Sunday, October 16, 2011

Of comments, communists, and commixture

For some reason, since I returned belatedly from my sojourn in ports foreign, I seem to be encountering difficulty with commenting on some blogs that I know I was able to comment on before.

Apparently, my google account does not have permission to post comments - but only on some blogs. Is this a new security feature? Something I should know about Google? Something I can fix?

In other news, I've been following the Occupy Wall Street protests with some interest recently. It's interesting to compare with the other significant popular political movement of recent times, both as a phenomenon in itself and as an artifact of media reportage - in the Information Age, of course, the two are inextricably intertwined.

The T.E.A. party coalesced around a single simple (perhaps simplistic) theme - that Americans are Taxed Enough Already, and that government must be spending too much if taxes can't cover spending. Its members by and large supported Republican candidates, on the basis that the Republican party is nominally the party of low taxation. Energizing the Republican base, it claimed responsibility for the 2010 election "shellacking" of President Obama's party.

OWS also takes a single simple (perhaps simplistic) theme - that the richest 1% are prospering in a time of economic trouble at the expense of the 99% that make up the rest of us. The difficulty for protestors here is that their message, while resonant and popular, does not clearly translate into a program of action. The organizers of the original OWS protest were keenly aware of this problem, seeking to identify a specific demand to which protestors could address themselves. Various proposals were made, by various groups, all of which can be seen represented among the crowd at what was once Liberty Plaza Park. Anarchists advocating the dismantling of government join drum circles with communists advocating its enlargement. Campaigners for racial equality share space with neo-Nazis and anti-Semites. Tea Partiers swap billboards with their former detractors. In one sense, there is something wonderfully democratic about the OWS protest - those who derided the T.E.A. party as an "astroturf" rather than a "grassroots" movement would struggle to level the same charge against the chaotic organism that is OWS. In another sense, the protest is dismayingly jejune - and, despite its longevity, it remains representative of a much smaller percentage of the population than it might wish. Neither has the clear rallying cry yet emerged - the general anti-globalist anti-capitalist themes persist, as they have for decades, without translating into the ballot-box power of the T.E.A. party.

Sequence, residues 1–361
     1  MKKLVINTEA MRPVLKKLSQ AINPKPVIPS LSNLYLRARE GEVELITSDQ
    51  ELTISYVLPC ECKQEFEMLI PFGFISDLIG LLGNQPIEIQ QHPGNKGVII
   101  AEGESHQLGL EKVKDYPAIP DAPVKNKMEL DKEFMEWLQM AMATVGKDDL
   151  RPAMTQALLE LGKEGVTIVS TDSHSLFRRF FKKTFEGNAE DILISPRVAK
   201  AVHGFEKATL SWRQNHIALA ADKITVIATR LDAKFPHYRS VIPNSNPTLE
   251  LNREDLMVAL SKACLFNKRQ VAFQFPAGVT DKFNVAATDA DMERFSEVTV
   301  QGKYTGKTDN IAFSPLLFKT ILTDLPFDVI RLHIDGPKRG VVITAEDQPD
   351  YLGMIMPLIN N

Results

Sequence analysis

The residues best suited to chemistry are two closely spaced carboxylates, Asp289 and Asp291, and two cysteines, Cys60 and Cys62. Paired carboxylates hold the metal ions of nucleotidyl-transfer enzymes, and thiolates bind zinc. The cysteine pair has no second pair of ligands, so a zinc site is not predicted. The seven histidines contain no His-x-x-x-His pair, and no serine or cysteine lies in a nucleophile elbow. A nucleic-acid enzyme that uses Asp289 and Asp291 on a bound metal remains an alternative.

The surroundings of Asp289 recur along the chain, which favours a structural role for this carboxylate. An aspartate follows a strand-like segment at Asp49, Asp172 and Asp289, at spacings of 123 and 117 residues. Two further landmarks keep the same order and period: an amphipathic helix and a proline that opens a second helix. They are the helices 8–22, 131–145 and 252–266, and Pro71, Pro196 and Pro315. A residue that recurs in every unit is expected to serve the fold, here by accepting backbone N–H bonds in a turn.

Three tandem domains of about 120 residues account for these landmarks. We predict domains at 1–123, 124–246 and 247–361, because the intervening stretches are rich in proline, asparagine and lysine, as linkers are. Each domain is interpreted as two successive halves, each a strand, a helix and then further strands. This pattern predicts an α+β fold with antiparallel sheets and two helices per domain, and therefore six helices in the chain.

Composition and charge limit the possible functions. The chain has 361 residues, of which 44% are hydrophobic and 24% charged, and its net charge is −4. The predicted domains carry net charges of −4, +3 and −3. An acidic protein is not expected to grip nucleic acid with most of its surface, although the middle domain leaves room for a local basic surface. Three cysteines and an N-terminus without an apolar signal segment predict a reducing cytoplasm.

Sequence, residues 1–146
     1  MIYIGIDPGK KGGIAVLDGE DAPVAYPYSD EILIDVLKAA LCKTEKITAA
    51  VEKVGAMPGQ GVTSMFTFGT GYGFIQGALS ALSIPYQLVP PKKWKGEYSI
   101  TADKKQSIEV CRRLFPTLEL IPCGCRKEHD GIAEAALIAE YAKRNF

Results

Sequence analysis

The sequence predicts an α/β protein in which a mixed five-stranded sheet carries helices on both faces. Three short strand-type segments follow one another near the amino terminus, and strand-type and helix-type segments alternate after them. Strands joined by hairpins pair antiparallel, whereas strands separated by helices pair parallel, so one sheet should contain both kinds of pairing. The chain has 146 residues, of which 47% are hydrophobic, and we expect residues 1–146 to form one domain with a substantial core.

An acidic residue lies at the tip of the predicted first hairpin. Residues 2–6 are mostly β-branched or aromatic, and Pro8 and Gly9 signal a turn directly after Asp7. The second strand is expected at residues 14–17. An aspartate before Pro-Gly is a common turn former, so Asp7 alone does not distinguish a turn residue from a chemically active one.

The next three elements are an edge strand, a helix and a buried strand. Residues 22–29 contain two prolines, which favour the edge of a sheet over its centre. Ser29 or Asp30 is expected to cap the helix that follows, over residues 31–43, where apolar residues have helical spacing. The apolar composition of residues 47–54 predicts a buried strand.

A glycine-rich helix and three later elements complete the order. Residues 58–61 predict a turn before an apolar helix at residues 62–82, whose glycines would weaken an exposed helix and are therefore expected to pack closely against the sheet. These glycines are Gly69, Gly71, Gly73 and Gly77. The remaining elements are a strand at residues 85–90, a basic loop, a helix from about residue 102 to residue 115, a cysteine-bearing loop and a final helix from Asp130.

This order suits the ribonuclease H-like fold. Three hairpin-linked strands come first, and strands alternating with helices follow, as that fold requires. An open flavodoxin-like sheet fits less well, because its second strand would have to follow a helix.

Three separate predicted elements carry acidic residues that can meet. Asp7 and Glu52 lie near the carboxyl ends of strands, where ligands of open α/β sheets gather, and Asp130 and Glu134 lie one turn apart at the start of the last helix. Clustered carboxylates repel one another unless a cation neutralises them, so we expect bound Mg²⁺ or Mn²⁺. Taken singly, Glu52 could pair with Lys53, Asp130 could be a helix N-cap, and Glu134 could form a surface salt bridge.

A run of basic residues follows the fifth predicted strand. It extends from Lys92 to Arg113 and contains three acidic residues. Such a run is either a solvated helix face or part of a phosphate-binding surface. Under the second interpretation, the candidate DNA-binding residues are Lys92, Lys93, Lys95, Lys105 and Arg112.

Democrats clearly hope that OWS can do for them what the Tea Party did for Republicans, but there are several reasons for believing this will not be the case - not least of which is the significant cohort of OWS protestors who consider Democrats to be part of the problem, and not part of the solution. From a sociological standpoint, the movement remains fascinating; but until a coherent political or economic message emerges, it is unlikely to advance beyond a mere curiosity.


Karen Jones Gowen said...

A lot of people are having this commenting problem, some with imbedded comment forms, some with pop-ups. Interesting thoughts on OWS movement. I know what I think about it but I'm not saying.

Mojo said...

Thanks for letting me know I'm not alone on the comments issue!

I respect your right both to an opinion and to privacy, although I must admit I'm curious about your take on OWS. I know politics are a third rail, and not everybody's cup of tea. For the record, whatever your view is, I accept its validity.